Curacao island authorities on Friday blocked Venezuelan opposition supporters from loading humanitarian aid donations onto a ship to sail to their country, officials said, with the government citing security.
The Venezuelans have flown containers to Curacao from private donors in the United States — part of a broader aid effort by Venezuela’s self-declared leader Juan Guaido to put pressure on President Nicolas Maduro.
The organizers tried on Friday to load the aid onto the Seven Seas supply ship, moored in the port of the Caribbean island 40 miles (65 kilometers) from Venezuela’s coast.
“The authorities here blocked the entrance of the containers with the humanitarian aid for Venezuela,” Seven Seas captain Carlos Quintavalle told AFP at the port.
Curacao has become one of the focal points of a volatile standoff between Guaido and Maduro.
The socialist president has branded the aid drive a sham and accused the United States of plotting to invade his country.
Guaido has vowed to bring in aid via Brazil, Colombia and Curacao, in defiance of Maduro and the military that backs him.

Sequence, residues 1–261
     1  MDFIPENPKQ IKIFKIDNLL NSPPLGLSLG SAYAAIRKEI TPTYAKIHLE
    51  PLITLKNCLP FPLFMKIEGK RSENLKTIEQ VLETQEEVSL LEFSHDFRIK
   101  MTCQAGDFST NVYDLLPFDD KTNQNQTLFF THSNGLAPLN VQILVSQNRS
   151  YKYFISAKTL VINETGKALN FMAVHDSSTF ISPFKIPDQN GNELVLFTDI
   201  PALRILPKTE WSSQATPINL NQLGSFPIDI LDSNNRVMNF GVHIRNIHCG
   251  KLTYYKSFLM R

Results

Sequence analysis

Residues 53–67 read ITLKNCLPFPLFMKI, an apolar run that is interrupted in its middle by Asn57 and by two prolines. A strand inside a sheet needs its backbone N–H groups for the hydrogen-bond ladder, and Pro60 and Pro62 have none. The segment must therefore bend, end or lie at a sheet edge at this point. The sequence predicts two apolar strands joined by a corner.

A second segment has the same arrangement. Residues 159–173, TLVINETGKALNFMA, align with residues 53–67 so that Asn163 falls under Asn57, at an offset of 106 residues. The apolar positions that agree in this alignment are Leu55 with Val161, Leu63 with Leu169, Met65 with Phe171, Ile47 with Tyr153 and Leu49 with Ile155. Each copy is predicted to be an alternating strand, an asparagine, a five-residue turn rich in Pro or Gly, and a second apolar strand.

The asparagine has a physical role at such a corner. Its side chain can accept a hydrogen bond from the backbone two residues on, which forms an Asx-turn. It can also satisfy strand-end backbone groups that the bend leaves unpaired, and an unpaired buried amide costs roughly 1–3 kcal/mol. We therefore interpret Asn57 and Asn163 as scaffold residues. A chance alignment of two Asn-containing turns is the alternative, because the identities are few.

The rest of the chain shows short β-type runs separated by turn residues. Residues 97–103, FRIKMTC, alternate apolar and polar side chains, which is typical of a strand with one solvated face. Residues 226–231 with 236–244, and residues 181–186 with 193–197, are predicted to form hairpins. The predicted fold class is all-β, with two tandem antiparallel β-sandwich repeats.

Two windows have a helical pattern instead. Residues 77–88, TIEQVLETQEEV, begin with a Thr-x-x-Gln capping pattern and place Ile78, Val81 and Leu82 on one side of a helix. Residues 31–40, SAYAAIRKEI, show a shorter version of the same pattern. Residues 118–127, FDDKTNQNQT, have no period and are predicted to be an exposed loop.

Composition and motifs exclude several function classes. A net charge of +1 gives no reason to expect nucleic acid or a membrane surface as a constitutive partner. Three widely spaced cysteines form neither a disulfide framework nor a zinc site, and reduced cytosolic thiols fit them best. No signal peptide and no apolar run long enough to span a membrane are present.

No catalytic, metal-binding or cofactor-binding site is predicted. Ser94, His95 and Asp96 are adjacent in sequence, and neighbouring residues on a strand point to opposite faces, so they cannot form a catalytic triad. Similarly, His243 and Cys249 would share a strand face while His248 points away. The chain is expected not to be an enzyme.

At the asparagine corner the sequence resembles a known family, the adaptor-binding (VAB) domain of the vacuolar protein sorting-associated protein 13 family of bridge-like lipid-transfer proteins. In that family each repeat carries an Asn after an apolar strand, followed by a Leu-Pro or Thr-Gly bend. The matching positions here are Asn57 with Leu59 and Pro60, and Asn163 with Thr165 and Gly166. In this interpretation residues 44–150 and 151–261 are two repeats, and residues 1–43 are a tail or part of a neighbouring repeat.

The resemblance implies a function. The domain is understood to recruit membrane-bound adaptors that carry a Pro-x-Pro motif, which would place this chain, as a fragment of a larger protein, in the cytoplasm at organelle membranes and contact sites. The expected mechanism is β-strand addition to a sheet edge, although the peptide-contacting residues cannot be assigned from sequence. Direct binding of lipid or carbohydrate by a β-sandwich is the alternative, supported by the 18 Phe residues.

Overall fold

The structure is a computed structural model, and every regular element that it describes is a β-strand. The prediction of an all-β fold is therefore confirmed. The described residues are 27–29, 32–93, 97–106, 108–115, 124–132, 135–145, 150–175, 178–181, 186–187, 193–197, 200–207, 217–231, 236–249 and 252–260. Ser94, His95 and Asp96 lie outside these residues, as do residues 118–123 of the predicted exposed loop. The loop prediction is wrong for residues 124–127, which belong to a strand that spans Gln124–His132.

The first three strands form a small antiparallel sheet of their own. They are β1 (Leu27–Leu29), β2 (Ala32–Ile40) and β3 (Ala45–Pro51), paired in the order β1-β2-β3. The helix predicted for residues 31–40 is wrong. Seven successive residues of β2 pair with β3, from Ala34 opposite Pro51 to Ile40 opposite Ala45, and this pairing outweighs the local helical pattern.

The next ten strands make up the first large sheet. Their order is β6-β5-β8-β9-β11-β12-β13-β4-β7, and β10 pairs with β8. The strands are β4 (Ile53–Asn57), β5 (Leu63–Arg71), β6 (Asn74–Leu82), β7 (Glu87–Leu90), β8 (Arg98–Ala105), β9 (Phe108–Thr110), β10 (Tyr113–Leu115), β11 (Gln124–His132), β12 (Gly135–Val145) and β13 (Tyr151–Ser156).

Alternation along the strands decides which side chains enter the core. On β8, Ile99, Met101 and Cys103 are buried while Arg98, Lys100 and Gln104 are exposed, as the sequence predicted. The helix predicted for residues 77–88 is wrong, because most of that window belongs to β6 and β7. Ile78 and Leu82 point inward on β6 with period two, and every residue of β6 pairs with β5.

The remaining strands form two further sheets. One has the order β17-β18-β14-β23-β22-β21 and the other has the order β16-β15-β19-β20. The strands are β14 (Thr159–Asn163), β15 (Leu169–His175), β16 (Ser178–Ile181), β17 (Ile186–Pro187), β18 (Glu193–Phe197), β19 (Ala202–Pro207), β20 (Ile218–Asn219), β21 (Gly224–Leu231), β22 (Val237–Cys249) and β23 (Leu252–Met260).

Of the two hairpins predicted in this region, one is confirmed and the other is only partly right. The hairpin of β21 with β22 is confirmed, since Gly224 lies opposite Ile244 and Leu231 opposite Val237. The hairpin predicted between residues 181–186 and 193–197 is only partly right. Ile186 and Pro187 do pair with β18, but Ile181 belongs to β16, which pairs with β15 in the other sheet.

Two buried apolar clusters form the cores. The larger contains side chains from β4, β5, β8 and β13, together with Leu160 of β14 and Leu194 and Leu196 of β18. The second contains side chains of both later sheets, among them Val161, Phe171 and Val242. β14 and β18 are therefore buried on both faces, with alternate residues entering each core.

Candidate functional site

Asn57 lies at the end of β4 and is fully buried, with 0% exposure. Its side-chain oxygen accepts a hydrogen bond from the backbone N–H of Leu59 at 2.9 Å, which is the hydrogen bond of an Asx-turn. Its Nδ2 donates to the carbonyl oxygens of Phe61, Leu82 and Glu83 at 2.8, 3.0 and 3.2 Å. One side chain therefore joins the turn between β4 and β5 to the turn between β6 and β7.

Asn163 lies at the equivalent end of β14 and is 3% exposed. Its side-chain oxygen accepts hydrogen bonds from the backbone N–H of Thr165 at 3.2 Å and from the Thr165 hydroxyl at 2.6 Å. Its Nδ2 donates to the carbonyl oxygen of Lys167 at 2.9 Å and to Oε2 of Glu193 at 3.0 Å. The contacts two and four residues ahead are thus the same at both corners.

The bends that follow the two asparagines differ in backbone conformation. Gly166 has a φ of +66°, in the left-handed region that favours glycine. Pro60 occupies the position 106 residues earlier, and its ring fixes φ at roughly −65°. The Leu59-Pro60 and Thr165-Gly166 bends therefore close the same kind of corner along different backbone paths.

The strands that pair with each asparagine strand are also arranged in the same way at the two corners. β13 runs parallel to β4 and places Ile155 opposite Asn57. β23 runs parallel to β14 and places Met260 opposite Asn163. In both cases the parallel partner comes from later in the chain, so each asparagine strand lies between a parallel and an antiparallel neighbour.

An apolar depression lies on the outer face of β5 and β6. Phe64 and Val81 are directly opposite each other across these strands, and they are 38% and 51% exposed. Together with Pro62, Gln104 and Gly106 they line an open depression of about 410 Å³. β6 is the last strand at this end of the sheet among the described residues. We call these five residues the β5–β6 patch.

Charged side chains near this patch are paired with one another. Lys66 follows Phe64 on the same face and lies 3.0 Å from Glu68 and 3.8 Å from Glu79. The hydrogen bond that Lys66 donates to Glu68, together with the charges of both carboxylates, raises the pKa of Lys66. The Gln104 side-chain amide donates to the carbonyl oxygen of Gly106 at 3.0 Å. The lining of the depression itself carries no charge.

The use of Curacao as a sea transit point raised the prospect of a maritime confrontation.
Curacao government communications officer Corinne Leysner told AFP the island’s parliament had agreed to act as a hub for aid “but that goods cannot leave for Venezuela until there is a safe environment to receive them.”
She said the government could not permit the boat to leave with the shipment for security reasons after Maduro’s government ordered the closure of Venezuela’s sea and air borders with Curacao.
“It is a safety issue. Of course we want to help the people of Venezuela but we are not going to be choosing fights,” Leysner said.
The Curacao government said earlier in a statement that “the shipments from Curacao will only take place when the authorities in Venezuela agree.”